Archaeologists often find it useful for research purposes to segment the past into archaeological "cultures" or phases, based on the occurrence of specific artifacts or artifact characteristics within a relatively brief interval of time and over a relatively limited geographical area. Within the Eno River valley where the Fredricks site is located, archaeologists have identified four sequential phases for the period of Native American occupation after A.D. 1000 and prior to European settlement in the mid-1700s. They are: the Haw River phase (A.D. 1000-1400), the Hillsboro phase (A.D. 1400-1600), the Jenrette phase (A.D. 1600-1680), and the Fredricks phase (A.D. 1680-1710).
The Fredricks phase defines the archaeological remains of the Occaneechi after they moved from the Roanoke River to the Eno River following Bacon's Rebellion in 1676. The definition of this phase is based on the archaeological research conducted by the University of North Carolina at the Fredricks site. This site is thought to be "Achonechy Town" that was visited and briefly described by John Lawson in 1701 (Lefler 1967:61).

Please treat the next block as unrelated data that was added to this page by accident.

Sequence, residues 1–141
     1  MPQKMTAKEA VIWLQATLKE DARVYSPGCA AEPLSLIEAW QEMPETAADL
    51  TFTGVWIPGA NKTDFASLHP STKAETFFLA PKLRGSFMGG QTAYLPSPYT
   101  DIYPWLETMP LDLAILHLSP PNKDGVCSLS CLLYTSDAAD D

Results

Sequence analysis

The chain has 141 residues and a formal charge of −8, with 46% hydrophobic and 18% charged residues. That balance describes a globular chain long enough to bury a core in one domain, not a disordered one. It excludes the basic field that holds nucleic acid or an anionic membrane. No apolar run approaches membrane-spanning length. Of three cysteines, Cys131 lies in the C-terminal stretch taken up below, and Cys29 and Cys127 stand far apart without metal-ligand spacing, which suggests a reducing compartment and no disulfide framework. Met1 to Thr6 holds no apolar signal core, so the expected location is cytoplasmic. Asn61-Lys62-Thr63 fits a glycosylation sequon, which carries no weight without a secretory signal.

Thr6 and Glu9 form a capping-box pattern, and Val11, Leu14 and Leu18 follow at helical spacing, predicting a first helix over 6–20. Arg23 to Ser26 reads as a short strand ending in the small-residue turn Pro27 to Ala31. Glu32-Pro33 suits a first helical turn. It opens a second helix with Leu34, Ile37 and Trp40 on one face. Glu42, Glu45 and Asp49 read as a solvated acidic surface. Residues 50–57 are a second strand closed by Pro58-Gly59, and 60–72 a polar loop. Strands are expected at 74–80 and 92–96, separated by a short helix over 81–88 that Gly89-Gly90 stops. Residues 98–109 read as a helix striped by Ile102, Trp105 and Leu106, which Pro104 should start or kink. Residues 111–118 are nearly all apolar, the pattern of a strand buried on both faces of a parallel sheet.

The archaeological excavation at the Fredricks site revealed a fortified settlement that covered a little over a quarter of an acre (see excavation plan). The settlement consisted of multiple houses arranged around an open courtyard, within which was a sweat lodge. In and around the houses were many storage pits. The entire village was surrounded by a defensive wall or palisade. A cemetery was located to the northeast, just outside the village wall (see detailed maps: northeast quadrant, southeast quadrant, southwest quadrant, northwest quadrant).